Nicholas Barber

  • A SHERLOCK PANTO A LA MODE

    ~ Posted by Nicholas Barber, December 18th 2014

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  • JAR JAR STINKS

    Ever watched a film and felt you could have made it shorter, sharper or less irritating? Nicholas Barber on the rise of the fan edit

    read more » COMMENTS: Comments | ADD NEW COMMENT ArtsCinemaculturefilmJanuary/February 2015Nicholas Barber
  • FAN EDITS IN MINIATURE

    ~ Posted by Nicholas Barber, December 5th 2014

    It’s been an exciting week for devotees of lightsabers, stormtroopers and the Millennium Falcon. Not only is this the first time in nine years that a new “Star Wars” trailer has been released, it’s also the first time that such a release has been followed, within hours, by a host of unofficial parodies and homages.

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  • THE MUHAMMAD ALI OF MOVIE CRITICS

    ~ Posted by Nicholas Barber, November 18th 2014

    If you’re a boxer, a gangster, a soldier or a globetrotting super-spy, you must get used to seeing your own profession portrayed in films. Certain types of journalists—crime reporters, gossip columnists—must be accustomed to it, too. But I had never seen a film devoted to a film critic until I saw “Life Itself”, Steve James’s superb documentary about the late Roger Ebert.

    Admittedly, one reason why the film is so whirlingly entertaining is that Ebert wasn’t just a critic. He reviewed several new releases every week for the Chicago Sun-Times for over 40 years, but he was also a Falstaffian bon viveur who used to prop up the same bar as the author and radio broadcaster Studs Terkel and the rest of Chicago’s newspapermen. He was a motor-mouthed television star, with a long-running, sometimes hilariously fractious onscreen partnership with fellow critic Gene Siskel. He wrote a science-fiction novel, a screenplay for Russ Meyer’s “Beyond the Valley of the Dolls”, and a political blog with a fervent following.

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  • DREAMING IN ANATOLIA

    Short Read: for his pick of the films, Nicholas Barber steps into the mysterious world of the Palme d'Or-winning "Winter Sleep"

    read more » COMMENTS: Comments | ADD NEW COMMENT ArtsfilmmoviesNicholas BarberNovember/December 2014THIS SEASONTurkey
  • AN ENIGMA BECOMES A BANALITY

    ~ Posted by Nicholas Barber, November 13th 2014

    Early on in “The Imitation Game”, a new drama about Alan Turing and the Bletchley Park codebreakers, Turing tells his superior officer, Commander Denniston, that he has a plan to outsmart the Germans’ Enigma machine. However, he adds, it’s too technical for a layman to understand. When Denniston (Charles Dance) presses him, Turing (Benedict Cumberbatch) explains that a person can’t beat Enigma: it will take a machine to defeat the machine. “That doesn’t sound very technical,” bristles Denniston. And he’s quite right. It doesn’t. Despite being a film about a clever, complicated man doing clever, complicated things, “The Imitation Game” is simplified to the point of banality, as if its producers were terrified of confusing the audience for a single moment.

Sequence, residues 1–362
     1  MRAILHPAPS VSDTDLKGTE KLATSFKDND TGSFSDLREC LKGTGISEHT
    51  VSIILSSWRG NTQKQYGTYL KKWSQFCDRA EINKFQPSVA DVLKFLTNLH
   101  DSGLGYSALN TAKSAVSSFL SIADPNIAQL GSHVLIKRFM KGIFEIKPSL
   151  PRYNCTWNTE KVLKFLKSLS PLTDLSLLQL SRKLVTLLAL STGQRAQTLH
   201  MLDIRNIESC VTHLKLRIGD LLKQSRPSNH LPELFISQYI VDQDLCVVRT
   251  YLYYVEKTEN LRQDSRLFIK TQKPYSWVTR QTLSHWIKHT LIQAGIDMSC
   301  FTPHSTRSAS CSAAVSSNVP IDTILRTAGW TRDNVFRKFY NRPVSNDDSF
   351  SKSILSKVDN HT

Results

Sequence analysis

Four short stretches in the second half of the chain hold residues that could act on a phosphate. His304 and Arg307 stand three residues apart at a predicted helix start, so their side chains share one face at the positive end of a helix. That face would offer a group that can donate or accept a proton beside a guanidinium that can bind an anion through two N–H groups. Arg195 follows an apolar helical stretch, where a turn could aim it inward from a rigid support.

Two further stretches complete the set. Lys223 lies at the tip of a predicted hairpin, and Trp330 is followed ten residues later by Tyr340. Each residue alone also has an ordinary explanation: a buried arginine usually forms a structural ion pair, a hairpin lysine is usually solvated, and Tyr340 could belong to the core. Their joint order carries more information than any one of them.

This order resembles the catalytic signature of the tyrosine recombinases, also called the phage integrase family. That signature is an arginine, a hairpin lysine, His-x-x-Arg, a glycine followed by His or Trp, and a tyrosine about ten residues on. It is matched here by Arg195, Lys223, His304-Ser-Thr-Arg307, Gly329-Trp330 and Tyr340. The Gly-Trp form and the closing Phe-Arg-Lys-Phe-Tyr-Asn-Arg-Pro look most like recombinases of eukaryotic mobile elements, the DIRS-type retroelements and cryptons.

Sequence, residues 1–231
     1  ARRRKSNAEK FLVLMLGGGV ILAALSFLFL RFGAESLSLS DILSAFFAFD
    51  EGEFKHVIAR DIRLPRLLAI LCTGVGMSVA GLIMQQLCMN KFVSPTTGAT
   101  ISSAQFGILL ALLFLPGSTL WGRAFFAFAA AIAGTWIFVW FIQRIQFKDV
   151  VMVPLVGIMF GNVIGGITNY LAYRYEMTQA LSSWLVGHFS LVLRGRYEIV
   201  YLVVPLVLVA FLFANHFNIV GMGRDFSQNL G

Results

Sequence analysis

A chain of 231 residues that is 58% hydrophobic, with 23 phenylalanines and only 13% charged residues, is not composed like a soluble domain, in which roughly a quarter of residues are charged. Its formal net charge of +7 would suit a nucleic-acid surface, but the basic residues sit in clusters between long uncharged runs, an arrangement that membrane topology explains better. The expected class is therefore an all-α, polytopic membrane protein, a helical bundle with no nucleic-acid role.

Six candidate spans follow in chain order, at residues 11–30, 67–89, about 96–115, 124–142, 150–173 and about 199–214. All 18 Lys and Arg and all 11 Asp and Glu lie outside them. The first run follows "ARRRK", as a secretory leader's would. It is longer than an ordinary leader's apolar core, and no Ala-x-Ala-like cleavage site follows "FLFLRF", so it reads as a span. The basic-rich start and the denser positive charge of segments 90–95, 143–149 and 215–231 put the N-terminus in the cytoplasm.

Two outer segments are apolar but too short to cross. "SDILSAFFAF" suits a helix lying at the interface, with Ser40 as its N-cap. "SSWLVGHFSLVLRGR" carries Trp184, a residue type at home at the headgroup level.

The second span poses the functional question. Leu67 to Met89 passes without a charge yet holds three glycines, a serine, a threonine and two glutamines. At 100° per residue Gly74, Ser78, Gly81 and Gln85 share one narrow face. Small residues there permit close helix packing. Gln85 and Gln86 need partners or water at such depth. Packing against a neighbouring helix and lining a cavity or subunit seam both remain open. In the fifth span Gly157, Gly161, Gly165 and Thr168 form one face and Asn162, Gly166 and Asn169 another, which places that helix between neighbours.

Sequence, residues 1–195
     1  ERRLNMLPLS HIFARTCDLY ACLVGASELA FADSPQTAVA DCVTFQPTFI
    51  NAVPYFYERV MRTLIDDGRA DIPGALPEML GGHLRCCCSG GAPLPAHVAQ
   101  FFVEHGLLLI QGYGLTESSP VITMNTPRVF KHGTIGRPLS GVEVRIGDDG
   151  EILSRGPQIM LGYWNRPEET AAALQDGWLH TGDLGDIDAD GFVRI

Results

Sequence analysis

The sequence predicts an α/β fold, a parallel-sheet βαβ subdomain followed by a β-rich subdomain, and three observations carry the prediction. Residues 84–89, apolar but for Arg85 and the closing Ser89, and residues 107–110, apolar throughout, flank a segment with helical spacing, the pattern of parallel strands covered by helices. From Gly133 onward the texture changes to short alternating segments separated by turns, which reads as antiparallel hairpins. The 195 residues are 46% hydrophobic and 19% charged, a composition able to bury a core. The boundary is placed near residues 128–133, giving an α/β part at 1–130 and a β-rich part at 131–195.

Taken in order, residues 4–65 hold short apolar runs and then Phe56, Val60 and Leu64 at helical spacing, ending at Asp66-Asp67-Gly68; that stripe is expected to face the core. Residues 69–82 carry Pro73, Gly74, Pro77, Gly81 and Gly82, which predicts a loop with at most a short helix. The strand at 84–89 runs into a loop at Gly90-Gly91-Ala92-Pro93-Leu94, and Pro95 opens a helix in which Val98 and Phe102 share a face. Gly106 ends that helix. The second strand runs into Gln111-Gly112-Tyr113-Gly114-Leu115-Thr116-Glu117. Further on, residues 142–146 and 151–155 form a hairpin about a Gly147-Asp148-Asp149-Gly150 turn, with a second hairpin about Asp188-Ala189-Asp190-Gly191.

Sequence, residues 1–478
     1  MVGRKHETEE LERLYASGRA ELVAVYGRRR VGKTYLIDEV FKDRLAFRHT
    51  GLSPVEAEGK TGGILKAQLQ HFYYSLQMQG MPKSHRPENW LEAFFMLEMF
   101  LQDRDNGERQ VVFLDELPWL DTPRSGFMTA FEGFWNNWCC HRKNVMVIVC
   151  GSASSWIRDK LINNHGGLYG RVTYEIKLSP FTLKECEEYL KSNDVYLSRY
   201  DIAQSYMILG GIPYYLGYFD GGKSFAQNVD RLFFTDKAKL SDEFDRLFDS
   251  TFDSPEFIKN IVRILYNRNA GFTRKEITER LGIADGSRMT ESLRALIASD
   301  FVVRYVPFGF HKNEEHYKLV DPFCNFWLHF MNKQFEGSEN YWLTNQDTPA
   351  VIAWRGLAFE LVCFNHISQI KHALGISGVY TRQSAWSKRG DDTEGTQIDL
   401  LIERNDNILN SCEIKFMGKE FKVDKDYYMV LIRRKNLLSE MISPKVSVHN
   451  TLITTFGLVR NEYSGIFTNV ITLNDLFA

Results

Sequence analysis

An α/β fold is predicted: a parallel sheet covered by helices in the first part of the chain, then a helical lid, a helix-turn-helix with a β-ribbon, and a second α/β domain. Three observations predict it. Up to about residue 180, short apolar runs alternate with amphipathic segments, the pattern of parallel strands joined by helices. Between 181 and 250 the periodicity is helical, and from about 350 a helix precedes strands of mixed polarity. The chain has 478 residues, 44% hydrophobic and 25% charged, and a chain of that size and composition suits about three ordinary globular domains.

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  • JUST DON'T CALL THEM PUPPETS

    ~ Posted by Nicholas Barber, October 10th 2014

    Gerry Anderson hated puppets. He may be known as the Geppetto responsible for “Thunderbirds”, “Captain Scarlet”, “Stingray” and other such classics of televisual puppeteering, but in a new documentary about his 1960s work, “Filmed in Supermarionation”, Anderson admits that he would rather have been making grown-up feature films with flesh-and-blood actors. That’s why he coined the term “Supermarionation”: he thought it sounded more respectable and less childish than “puppetry”.

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  • "GONE GIRL" GONE WRONG

    ~ Posted by Nicholas Barber, September 30th 2014

    The best and worst thing about David Fincher’s “Gone Girl” is how funny it is. That’s not to say that Gillian Flynn’s source novel doesn’t have some laughs, but what separates it from the average crime bestseller is its ruthless dissection of a dysfunctional contemporary romance. Alternating between the testimonies of a thirtysomething husband and wife—Nick and Amy—the novel charts every stage of their courtship and marriage. We read about the initial elation, the high expectations, the differing priorities, the money worries, the family pressures, and so on, all of them set against a finely drawn backdrop of New York hipsterism and post-recession Midwestern decay. Even without the mystery of Amy’s disappearance, and the question of what her apparent murder has to do with Nick, “Gone Girl” would be a defining novel of today’s American middle class. It would also be an addictive page-turner, because the reader keeps learning a little more about why Amy and Nick loved each other, and how that love went sour.

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  • REINVENTING THE ROCK DOC

    Short Read: for his cinema highlight, Nicholas Barber picks a film featuring Nick Cave that coasts between fiction and fact

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  • ONE MAN'S VOYAGE OF DISCOVERY

    Inspiring Innovators: Jimmy Wales, the co-founder of Wikipedia, is awed by J.J. Abrams' boundless creativityand the joy it brings

    read more » COMMENTS: Comments | ADD NEW COMMENT filmIdeasinspiring innovatorsmoviesNicholas Barberseptember/october 2014

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